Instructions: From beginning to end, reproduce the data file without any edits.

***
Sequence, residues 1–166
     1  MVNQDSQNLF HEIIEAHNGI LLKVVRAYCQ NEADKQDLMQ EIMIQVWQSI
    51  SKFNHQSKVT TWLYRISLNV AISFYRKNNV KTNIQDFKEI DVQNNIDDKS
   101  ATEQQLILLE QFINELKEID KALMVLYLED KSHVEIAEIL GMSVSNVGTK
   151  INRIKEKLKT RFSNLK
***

Sequence, residues 1–166
     1  MVNQDSQNLF HEIIEAHNGI LLKVVRAYCQ NEADKQDLMQ EIMIQVWQSI
    51  SKFNHQSKVT TWLYRISLNV AISFYRKNNV KTNIQDFKEI DVQNNIDDKS
   101  ATEQQLILLE QFINELKEID KALMVLYLED KSHVEIAEIL GMSVSNVGTK
   151  INRIKEKLKT RFSNLK